I was recently interview about my ASP.NET Design Patterns book for AuthorsCast.com, here what they say about the episode...
"In this episode, Scott talks about how his book builds on the existing software design literature, clears up the confusion between design patterns and design principles, explains how to quickly become proficient at applying patterns, and expounds on the benefits of creating your own ASP.NET framework. Along the way, he offers pointers on becoming a be
For my latest book Apress Pro Agile .NET Development with SCRUM & XP I am going be using NoSQL for part of the case study solution. So in order to get up to speed with some object databases I thought I might as well do some spiking starting with Db4O. I chose Db4O due to the excellent introduction to it from my fellow wiggler Dan Glyde.
To work with Db4O you will need to pop over to the Db4O project site and downloaded the assemblies to work with .NET, or al
A process that I have found useful over the last couple of years to help commit myself to some professional and personal goals is to write a letter to myself, from my future self, as if I was looking back on the coming year. The letter describes the goals both professionally and personally that I have achieved and how I have accomplished them. The process of writing goals down helps to clarify where I am heading, which enables me to focus on what I need to do to get there. It is important for
In order to keep my fat controllers thin I ensure that they are only concerned with a single responsibility, i.e. handling the coordination of my UI logic. To achieve this my controller delegates to other classes to actually perform tasks and retrieve data. However, even though I can keep my ActionResult methods thin and highly cohesive I can still end up with a very tall controller that is handling the coordination of too much UI logic. Let me show you what I mean.
I often see contro
I get asked this question a fair bit so I thought I may as well stick it up here so I can refer people to this post in future. If you are using the NHiberante native ID generator — that is, letting your database generate IDs for entities — the database will actually be hit when save is called regardless if you are in a transaction or not. This is because the entity is now part of the unit of work and thus NHibernate needs to give it a valid identity to ensure that any other objects that refer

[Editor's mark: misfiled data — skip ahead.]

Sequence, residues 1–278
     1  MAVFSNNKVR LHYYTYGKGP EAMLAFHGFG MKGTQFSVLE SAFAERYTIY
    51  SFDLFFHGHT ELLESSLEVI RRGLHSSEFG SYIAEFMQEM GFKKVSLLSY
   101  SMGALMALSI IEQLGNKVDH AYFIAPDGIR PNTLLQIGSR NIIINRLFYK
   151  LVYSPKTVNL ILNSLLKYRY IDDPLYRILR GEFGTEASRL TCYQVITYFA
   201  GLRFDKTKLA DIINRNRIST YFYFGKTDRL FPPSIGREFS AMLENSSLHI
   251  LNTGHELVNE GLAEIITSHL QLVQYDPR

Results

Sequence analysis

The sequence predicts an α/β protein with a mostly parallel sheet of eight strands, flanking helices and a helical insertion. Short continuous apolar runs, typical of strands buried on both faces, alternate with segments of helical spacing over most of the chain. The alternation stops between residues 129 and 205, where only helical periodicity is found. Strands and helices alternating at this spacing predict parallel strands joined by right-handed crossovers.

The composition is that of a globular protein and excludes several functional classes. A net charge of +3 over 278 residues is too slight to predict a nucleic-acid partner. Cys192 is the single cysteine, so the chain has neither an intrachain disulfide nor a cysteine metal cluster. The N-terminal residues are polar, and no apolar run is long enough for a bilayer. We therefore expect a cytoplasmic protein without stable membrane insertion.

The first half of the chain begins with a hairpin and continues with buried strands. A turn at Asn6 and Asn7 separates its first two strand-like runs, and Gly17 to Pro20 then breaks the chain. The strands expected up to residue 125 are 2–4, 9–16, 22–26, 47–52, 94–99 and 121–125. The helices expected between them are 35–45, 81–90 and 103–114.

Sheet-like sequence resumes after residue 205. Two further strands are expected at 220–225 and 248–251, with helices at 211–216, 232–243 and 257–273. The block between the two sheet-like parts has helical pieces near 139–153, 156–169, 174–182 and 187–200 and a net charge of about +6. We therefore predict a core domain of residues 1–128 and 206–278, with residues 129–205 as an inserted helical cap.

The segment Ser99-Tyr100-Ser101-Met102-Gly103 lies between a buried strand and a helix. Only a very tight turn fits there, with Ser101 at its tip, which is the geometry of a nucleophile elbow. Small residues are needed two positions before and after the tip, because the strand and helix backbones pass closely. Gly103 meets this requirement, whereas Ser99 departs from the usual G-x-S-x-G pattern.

Value objects are immutable and represent concerns in your domain that have no identity, things like Price, Currency, Money, Name, Address etc are all good candidates for value objects. Because Value objects are immutable they need to be created in a valid state, I have tended to use a Factory to ensure that Value objects were created in a valid state but lately I have been playing with code by contract style validators at construction time to ensure validity.
I was answering a post over at the ASP.NET forums on the unit of work pattern which I thought I would follow up on here.
For those of you that don't know the Unit of Work pattern, here's how Martin Fowler defines it...
"[The Unit of Work] Maintains a list of objects affected by a business transaction and coordinates the writing out of changes and the resolution of concurrency problems."
By the way I also cover the unit of work pattern in my ASP.NET Design Pat
I thought I would kick off my first post with how I have been using NUnit with BDD style syntax, specifically the Given, When, Then acceptance test template.
Lets take a look at an example based on the following user story and acceptance criteria scenario..
In order to get a discounted basket total As a customer I want to apply a voucher
Given I have added the following products: 1 of Hat @ 20